Gathering Table evolved from Children’s Memorial Lutheran Church, which was dedicated more than 135 years ago at the corner of Brighton and Independence Avenue. During the past several decades, homelessness and instability replaced what had been a self-sustaining worshipping community of economically stable homeowners. But even as membership dwindled, the church attempted to meet the ever-mounting needs of the surrounding community.
As the last remaining members of the congregation departed, the church received the synod’s blessing to discover and strive to meet the needs of the surrounding neighborhood through inspired leadership, hard work and dedicated volunteer partners.
To act on that commitment, Rev. Ann Rundquist was called in 2013 to serve as pastoral leader
.In the heart of blight, poverty, crime, and physical and mental illness, she uses her extensive experience, education and passion to develop ministry and inspire volunteers to carry on Christ’s work.
Gathering Table dedicates space for a nominal fee to two organizations that share its vision and extend its ability to meet community needs. Participants in these groups often use other Gathering Table services while also volunteering to help sustain them.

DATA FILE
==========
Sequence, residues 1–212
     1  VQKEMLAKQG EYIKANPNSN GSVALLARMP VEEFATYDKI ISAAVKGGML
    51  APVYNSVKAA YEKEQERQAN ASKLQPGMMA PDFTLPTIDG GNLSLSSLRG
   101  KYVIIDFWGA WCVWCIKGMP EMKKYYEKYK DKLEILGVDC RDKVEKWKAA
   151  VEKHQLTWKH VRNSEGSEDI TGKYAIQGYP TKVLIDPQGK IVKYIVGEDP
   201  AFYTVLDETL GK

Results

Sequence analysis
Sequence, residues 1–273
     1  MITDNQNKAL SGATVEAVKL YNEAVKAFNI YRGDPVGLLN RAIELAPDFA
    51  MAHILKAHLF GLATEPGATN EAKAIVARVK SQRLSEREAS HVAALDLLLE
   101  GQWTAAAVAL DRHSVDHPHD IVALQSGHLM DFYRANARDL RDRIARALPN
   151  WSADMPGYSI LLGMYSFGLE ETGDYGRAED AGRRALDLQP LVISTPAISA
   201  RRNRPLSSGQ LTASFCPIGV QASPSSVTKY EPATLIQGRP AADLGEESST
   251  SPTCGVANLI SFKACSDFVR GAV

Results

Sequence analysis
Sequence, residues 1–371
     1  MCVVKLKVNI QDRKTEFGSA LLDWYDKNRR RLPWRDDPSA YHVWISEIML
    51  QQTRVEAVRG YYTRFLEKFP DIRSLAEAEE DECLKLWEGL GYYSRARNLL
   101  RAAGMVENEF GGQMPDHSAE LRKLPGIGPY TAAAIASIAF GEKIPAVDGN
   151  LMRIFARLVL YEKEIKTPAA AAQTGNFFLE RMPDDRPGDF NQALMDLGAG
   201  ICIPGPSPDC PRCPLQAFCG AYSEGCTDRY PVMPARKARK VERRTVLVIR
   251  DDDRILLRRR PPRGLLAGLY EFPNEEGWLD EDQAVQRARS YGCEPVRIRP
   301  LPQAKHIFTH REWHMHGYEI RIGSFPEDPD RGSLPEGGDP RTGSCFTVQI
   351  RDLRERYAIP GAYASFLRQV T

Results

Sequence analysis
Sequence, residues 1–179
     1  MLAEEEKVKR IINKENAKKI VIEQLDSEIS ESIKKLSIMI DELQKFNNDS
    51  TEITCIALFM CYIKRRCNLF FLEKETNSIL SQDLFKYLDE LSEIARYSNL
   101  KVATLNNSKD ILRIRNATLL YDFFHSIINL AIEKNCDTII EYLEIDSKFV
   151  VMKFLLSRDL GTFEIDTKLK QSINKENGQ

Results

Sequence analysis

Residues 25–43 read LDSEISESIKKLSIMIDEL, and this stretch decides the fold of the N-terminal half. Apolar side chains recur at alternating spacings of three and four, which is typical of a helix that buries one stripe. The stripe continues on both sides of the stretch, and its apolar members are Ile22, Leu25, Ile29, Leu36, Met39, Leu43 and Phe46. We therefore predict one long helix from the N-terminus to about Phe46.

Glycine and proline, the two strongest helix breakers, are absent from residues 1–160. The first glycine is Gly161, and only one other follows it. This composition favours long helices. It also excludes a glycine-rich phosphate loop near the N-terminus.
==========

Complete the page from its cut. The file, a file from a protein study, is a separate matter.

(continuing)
What happens when a congregation no longer has the wherewithal to function as an organized church but its mission to the community is worth saving?
After five years of soul searching and meetings, in 2018 the Central States Synod directed redevelopment of Children’s Memorial Lutheran Church in northeast Kansas City, Mo. The new entity, a Synod Authorized Worshiping Community named Gathering Table, has allowed the preservation and extension of services to the area’s homeless and needy residents.
Today, thanks to grants from the Evangelical Lutheran Church in America, the synod, partner congregations and other funders, the nonprofit Gathering Table opens its doors three days a week to provide meals, showers, clothing and worship opportunities.
The red brick building, previously home to a congregation founded in 1884, now also houses Once We Were Refugees, a nonprofit organization that teaches sewing skills and employability to refugees.
“This is a very important ministry of the church,” said Central States Bishop Susan Candea.
“Jesus was very clear: ‘Whatever you do for the least of these you do it for me.’ This transition lives out that reality.”